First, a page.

Ukraine drama will impact Biden's 2020 bid, one way or another
Joe Biden and Donald Trump are at the centre of a Washington maelstrom featuring an impeachment inquiry and intense partisan feuding.
WASHINGTON - Joe Biden may have inadvertently triggered the scandal now threatening Donald Trump's presidency, but it has also impacted his own White House bid and the Democrat could soon learn whether it dooms his candidacy or bolsters it.
The two septuagenarians are at the centre of a Washington maelstrom featuring an impeachment inquiry, intense partisan feuding and repeated attacks on Biden by a president apparently eager to create a fog of confusion over his potential 2020 election rival.
Trump has admitted seeking help from Ukraine's president to investigate Biden on a phone call at the heart of a whistleblower complaint which has prompted House Democratic leadership to launch a formal impeachment probe against Trump.
He has also darkly insinuated that the former vice-president used his influence to help son Hunter Biden in his private-sector dealings in Ukraine, where he served on the board of an energy company.
Claims of Biden corruption have been fact-checked and largely debunked, but Trump has hammered away with his accusations in a thinly-veiled effort to cripple the Democratic frontrunner.
"Joe Biden and his son are corrupt," Trump bellowed Tuesday.
If the accusations sounded worrying for Biden, his team suggested Democratic voters see it differently.
"It's been our best week of fund-raising since the second week of the campaign," a campaign official told AFP Friday.
Biden himself has punched back against Trump. But in a Wednesday statement he said he "will continue to focus my campaign not on how Donald Trump abused his power to come after my family, but on how he has turned his back on America's families."
Attacks on relatives of politicians is tricky business, and there is always the threat of a backfire. Voters may sympathize with Biden, who lost son Beau to cancer, and with Hunter, who has struggled with drug abuse.
Democrats have repeatedly savaged Trump's adult children, particularly sons Donald Jr and Eric, for their business dealings and campaign efforts.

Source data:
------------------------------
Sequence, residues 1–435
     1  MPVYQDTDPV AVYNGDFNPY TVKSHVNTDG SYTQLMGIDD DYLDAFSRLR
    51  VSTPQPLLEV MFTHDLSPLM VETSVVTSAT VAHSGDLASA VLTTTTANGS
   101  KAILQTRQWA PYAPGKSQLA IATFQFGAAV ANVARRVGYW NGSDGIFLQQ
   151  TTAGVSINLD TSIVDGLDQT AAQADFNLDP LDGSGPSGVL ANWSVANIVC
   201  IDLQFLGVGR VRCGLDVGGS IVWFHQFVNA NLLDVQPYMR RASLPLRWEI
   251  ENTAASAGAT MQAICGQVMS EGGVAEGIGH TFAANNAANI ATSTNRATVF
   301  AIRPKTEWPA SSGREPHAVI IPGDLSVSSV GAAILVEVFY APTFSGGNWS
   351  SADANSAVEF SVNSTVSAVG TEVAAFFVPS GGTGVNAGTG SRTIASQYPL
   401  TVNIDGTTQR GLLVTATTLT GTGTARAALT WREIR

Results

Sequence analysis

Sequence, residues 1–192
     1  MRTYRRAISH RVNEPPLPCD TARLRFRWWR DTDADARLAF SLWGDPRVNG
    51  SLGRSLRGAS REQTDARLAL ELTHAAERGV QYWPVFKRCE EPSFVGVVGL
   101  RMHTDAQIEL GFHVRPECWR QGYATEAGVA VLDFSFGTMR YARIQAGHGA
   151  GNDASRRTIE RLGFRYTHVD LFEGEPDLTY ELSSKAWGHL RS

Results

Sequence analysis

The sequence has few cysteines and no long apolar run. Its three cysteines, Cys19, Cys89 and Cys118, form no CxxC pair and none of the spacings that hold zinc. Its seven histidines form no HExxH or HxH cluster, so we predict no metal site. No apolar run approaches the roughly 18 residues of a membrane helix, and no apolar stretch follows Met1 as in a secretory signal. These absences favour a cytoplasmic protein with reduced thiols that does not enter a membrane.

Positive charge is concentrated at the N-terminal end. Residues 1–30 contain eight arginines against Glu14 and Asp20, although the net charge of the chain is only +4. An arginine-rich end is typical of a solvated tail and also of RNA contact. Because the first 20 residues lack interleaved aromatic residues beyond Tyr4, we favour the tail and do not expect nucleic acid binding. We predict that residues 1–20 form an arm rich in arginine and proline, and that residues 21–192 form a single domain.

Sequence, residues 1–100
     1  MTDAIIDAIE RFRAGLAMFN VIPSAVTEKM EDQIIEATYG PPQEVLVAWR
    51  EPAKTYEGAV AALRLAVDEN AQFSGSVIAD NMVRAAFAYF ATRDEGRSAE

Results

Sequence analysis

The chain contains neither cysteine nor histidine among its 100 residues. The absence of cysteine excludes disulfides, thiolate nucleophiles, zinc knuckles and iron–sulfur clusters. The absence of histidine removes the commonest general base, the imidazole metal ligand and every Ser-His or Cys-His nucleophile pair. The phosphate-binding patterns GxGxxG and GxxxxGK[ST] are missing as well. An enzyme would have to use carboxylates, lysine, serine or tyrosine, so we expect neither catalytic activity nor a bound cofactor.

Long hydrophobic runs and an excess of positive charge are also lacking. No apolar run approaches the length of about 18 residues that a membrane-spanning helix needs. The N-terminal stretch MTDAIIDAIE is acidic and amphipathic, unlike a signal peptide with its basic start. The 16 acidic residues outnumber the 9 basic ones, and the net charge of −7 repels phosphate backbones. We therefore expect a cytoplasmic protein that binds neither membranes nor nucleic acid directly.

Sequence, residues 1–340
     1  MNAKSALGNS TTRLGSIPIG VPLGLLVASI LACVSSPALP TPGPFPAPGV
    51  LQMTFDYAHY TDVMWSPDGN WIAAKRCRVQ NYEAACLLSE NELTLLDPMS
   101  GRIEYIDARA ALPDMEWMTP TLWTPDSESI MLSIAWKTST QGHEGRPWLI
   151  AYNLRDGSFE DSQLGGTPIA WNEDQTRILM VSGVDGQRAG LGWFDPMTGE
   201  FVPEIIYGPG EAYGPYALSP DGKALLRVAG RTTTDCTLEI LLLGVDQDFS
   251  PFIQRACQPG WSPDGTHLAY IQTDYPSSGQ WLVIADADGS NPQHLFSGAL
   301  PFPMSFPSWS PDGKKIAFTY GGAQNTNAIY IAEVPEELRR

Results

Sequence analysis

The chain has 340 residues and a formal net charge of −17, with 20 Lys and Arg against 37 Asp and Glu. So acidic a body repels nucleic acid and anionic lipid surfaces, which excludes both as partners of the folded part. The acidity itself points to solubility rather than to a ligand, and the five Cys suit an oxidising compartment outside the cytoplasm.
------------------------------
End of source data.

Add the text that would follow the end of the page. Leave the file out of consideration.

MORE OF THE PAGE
Experts are split on how the Ukraine imbroglio will impact Biden, with American University professor of government David Lublin arguing it could serve Trump's rival well in the long run.
"I can't imagine a better way to increase your support among Democrats than to be attacked repeatedly by Donald Trump," Lublin told AFP.
With Biden's campaign flagging - rival Elizabeth Warren leapfrogged him to take top spot in recent polls in early voting Iowa and New Hampshire, as well as California - a war of words with Trump could boost Biden's profile as a fighter and seasoned statesman.
'GUILT BY ASSOCIATION?'
It could also bolster his campaign by siphoning attention away from Democratic hopefuls struggling to make their voices heard.
"If you're not being talked about by the national news media, you don't exist," Lublin said.
Exhibit A: the president himself. Exhaustive news coverage of Trump in 2015 was largely negative, but it served to "crowd out coverage of his primary opponents," Lublin said.
There has been no proof of Biden wrongdoing, but the Trump narrative "is already taking hold," observed Seth McKee, associate professor of political science at Texas Tech University.
Trump has said Biden pressed for the removal of a Ukrainian prosecutor in order to protect his son, accusations dismissed by Democrats.
While Hunter's activities may not have been illegal, any appearance of a conflict of interest between his business dealings and his well-placed father could rub off on the candidate.
"It's guilt by association," according to McKee.
By launching impeachment proceedings, House Speaker Nancy Pelosi has assured a steady focus on the Ukraine scandal, and by extension the conduct of the Bidens.
"I don't see how that's a winner" for Biden, McKee added.
"You can circle the wagons and defend your son, but when you're on defense in politics it's never a good thing."
Biden could benefit by appearing as the presumed nominee under attack by the president, said Tim Hagle, a University of Iowa professor who has long studied US politics.
But if Warren continues to surge, and voters question Biden's electability, problems could mount for him.
"The bottom line here is... it's still a little bit early to tell whether this is going to be a help or a hindrance to Biden," Hagle said. "The fact that people are asking these questions (about Biden conduct in Ukraine) certainly can't help."